Most children will do something, some snatch, some pull hair, some do not share, some bite, some push. So, that your little girl that was pushed is likely to show aggression in some other form that may not be so overt. If she doesn't, then that is nothing due to the parents, but her temperament style.

    However, the mother who negated the situation by saying he is only 2.5 years old, should set clear cut boundaries. She should remove her child if it continues, and learn about her child's triggers.

    I have a friend who is so quiet lovely and the least abusive, aggressive parent I know. She is so patient and wise. She has 3 children. Her first child was perfect when it comes to physical aggression. But when her second child become aggressive with her friends child who is 6 months younger, her friend became upset. My friend actually felt so embarrassed. Was very apologetic. 6 months later, her friends child was being aggressive.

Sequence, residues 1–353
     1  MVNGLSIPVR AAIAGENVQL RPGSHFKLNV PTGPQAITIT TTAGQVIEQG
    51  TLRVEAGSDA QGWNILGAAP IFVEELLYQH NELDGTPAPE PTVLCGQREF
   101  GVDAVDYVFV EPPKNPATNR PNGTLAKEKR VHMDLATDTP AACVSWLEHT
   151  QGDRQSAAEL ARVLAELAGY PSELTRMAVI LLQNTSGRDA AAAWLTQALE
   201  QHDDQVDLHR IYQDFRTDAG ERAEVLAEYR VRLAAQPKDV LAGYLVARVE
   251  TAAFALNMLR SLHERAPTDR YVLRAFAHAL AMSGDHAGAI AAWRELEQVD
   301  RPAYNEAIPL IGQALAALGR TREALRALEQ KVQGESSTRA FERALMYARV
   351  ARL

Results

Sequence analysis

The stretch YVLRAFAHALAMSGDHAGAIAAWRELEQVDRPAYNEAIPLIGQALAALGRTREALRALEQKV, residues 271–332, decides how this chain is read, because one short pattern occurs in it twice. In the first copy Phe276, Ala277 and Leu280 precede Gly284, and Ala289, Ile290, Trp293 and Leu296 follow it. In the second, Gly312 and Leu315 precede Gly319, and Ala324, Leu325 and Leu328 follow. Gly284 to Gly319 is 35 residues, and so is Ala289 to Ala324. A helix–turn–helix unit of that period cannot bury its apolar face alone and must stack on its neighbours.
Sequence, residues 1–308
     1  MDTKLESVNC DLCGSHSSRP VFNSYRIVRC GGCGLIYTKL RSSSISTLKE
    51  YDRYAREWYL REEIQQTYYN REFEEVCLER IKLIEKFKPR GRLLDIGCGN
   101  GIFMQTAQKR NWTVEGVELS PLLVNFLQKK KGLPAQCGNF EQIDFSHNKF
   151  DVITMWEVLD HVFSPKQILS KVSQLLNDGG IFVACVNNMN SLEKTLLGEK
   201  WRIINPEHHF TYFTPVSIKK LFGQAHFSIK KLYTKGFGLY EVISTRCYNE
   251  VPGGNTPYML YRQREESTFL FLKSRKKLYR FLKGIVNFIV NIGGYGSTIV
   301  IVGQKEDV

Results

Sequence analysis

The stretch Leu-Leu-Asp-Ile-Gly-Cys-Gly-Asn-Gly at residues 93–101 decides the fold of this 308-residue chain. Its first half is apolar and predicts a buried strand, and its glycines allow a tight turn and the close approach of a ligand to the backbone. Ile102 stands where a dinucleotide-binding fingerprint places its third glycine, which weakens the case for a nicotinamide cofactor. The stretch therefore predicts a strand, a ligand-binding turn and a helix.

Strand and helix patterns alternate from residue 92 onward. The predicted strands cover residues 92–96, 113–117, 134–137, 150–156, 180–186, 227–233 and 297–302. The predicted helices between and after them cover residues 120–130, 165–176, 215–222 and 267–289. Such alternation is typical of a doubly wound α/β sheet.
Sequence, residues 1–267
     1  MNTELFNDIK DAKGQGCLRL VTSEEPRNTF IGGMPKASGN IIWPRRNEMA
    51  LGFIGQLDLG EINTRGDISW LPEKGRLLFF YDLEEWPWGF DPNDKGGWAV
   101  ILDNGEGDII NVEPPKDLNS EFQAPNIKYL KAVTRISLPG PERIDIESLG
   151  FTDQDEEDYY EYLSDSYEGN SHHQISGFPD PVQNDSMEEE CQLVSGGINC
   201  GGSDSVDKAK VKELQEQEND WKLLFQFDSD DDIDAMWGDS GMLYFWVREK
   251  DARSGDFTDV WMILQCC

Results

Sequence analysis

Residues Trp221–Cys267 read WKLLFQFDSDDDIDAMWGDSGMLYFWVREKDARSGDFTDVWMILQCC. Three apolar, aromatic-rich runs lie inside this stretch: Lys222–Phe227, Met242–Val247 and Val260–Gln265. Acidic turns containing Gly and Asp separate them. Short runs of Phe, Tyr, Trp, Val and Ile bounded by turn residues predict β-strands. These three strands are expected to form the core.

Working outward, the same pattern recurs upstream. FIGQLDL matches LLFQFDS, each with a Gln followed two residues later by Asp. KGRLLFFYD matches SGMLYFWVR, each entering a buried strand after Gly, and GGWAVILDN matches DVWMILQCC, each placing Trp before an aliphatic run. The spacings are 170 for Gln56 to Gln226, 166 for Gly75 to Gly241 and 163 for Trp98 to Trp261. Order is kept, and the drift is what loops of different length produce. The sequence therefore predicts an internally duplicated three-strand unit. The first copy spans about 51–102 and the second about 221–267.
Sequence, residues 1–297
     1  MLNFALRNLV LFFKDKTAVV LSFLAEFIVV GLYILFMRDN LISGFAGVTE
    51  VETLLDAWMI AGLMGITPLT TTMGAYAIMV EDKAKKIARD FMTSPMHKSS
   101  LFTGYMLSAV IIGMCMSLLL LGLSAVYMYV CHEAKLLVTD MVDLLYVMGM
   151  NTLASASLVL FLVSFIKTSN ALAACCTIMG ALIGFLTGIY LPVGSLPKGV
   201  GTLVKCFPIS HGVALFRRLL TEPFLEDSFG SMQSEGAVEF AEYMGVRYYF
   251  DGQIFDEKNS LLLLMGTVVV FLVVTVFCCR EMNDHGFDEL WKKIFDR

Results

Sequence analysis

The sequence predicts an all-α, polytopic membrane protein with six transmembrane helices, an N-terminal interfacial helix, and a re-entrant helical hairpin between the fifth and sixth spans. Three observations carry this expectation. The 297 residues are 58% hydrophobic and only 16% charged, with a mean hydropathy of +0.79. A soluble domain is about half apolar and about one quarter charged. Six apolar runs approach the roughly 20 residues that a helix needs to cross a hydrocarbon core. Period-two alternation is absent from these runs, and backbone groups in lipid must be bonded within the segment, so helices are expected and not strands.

According to scientist and psychologist, aggressive behavior is instinctual amongst toddlers and does not always reflect bad parenting. HOWEVER, it is how we respond to it that will influence the outcome.

  3. This is great. To often people think attachment parenting and gentle discipline lead to unruly children with no respect or manners. Of course, that's ridiculous as AP principles are based around the idea of love and respect for all. I'm from the southern U.S. and manners are pretty popular around here. While they can seem old-fashioned and cliche, it's important to remember that the purpose of manners is for everyone to have a common set of guidelines to follow so that we all feel comfortable interacting with each other. Thanks for the post.